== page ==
Faculty Peer Reviewed
The patient is a 29 year old overweight male presenting to clinic with complaints of reflux symptoms. He says that spicy foods aggravate these symptoms. In addition to weight loss counseling, he is given a prescription for esomeprazole along with a patient handout containing recommendations on foods to avoid and other behavior modifications that may ameliorate his symptoms.
Gastroesophageal reflux disease (GERD) is defined as the abnormal reflux of gastric contents into the esophagus at least once a week, causing troublesome symptoms such as heartburn (the sensation of substernal burning) or complications.1 These potential complications include Barrett’s esophagus, adenocarcinoma, laryngitis, pharyngitis, aspiration pneumonia, chronic sinusitis, and dental decay. GERD is very common in the Western world with an estimated prevalence of 10-20%, versus <5% in Asia.2
While GERD is a multifactorial disease involving anatomical and functional factors, the main pathogenetic mechanism is considered to be transient lower esophageal sphincter relaxation (TLESR).3 An increased frequency of TLESR episodes, with or without impaired lower esophageal sphincter (LES) tone, and/or gastric or esophageal motor dysfunction, may lead to GERD. Studies of twins suggest that both genetic and environmental factors play a role in predisposing an individual to developing GERD.4 Among the environmental factors, being overweight, certain dietary habits, lack of physical activity, and cigarette smoking have all been implicated as risk factors. However, the pathogenetic role of these factors and the utility of behavioral modification are issues that are still under debate.
Among lifestyle factors, diet has long been implicated in the induction and exacerbation of GERD symptoms. It has thus become common practice for physicians to advise patients to avoid certain foods. However, conflicting results exist in the literature regarding which foods are “refluxogenic.”3 This apparent incongruity raises some important questions: Is dietary modification an evidence-based approach to treating patients with GERD, and if not, why is it used as one of the first-line treatments? To address these issues, a review of the literature on the role of diet in GERD was conducted with a focus on evaluating the validity of published results.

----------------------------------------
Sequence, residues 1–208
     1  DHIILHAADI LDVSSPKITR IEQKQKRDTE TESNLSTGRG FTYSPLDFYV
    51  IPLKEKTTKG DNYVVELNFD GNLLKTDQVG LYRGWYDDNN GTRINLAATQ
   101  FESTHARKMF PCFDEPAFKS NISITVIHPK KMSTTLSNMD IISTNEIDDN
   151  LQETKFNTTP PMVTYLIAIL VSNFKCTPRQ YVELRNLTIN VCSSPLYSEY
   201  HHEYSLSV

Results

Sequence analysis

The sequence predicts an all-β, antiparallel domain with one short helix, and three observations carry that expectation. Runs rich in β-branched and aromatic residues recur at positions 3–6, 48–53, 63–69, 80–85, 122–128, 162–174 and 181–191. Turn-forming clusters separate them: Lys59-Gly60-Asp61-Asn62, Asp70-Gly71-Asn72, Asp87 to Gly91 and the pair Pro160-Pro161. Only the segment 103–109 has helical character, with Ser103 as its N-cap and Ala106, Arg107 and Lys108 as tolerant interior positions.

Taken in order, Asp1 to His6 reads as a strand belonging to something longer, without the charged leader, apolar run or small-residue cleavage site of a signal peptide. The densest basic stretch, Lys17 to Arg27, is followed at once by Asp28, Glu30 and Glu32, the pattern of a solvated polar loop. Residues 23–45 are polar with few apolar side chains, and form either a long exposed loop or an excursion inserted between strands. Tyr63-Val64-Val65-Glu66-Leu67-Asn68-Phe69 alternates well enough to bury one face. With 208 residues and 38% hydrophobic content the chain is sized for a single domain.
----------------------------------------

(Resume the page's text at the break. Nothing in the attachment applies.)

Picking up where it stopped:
Based on clinical observations that fat seems to elicit heartburn, patients are generally advised to avoid fatty meals.5 Some studies have shown that fat reduces LES pressure; however, other studies show no significant difference in LES pressure or the amount of regurgitated acid. In a study by Ruhl et al, 12,349 subjects were followed over 18.5 years. Upper endoscopy and symptom interviews were used to assess reflux symptoms in relation to dietary fat intake. Results showed higher reflux disease hospitalization rates in subjects with higher body mass index, but no association between higher fat intake and reflux-disease hospitalization rates.6 However, in another study by Shapiro et al, a group of 50 patients with GERD underwent 24-hour pH monitoring along with a dietary intake record and a GERD symptoms checklist; patients who consumed more cholesterol and saturated fats were significantly more likely to experience a perceived reflux event.7
Alcohol and coffee are two other items commonly thought to exacerbate GERD symptoms. In a study involving public health surveys in Norway (N >40,000), Nilsson et al did not find that alcohol or coffee were risk factors for reflux symptoms.8 Furthermore, in the previously mentioned study by Shapiro, alcohol consumption was associated with fewer sensed reflux events. Similarly, while early observational studies have cited coffee as a trigger for reflux-related symptoms, two large epidemiological studies have shown no relationship between coffee drinking and GERD.3 Additionally, in a randomized controlled study, Boekema et al found that ingestion of coffee had no effect on postprandial reflux time, number of reflux episodes, or LES pressure.9 These findings were true for both healthy subjects and patients with GERD. Interestingly, in a population-based nested case-control study involving 211 subjects, coffee consumption was found to be less in those with reflux symptoms. However this association may reflect avoidance of coffee because it aggravated GERD symptoms.10